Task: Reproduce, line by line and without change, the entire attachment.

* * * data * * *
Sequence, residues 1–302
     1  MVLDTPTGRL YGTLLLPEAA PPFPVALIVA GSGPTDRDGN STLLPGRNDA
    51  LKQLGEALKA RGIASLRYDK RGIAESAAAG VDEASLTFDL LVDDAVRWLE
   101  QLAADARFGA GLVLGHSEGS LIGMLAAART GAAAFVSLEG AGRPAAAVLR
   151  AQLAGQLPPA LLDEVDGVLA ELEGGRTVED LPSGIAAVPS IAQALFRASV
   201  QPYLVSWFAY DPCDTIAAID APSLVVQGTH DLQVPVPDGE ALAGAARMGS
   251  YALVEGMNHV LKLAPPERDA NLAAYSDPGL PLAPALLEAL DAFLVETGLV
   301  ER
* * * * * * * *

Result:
Sequence, residues 1–302
     1  MVLDTPTGRL YGTLLLPEAA PPFPVALIVA GSGPTDRDGN STLLPGRNDA
    51  LKQLGEALKA RGIASLRYDK RGIAESAAAG VDEASLTFDL LVDDAVRWLE
   101  QLAADARFGA GLVLGHSEGS LIGMLAAART GAAAFVSLEG AGRPAAAVLR
   151  AQLAGQLPPA LLDEVDGVLA ELEGGRTVED LPSGIAAVPS IAQALFRASV
   201  QPYLVSWFAY DPCDTIAAID APSLVVQGTH DLQVPVPDGE ALAGAARMGS
   251  YALVEGMNHV LKLAPPERDA NLAAYSDPGL PLAPALLEAL DAFLVETGLV
   301  ER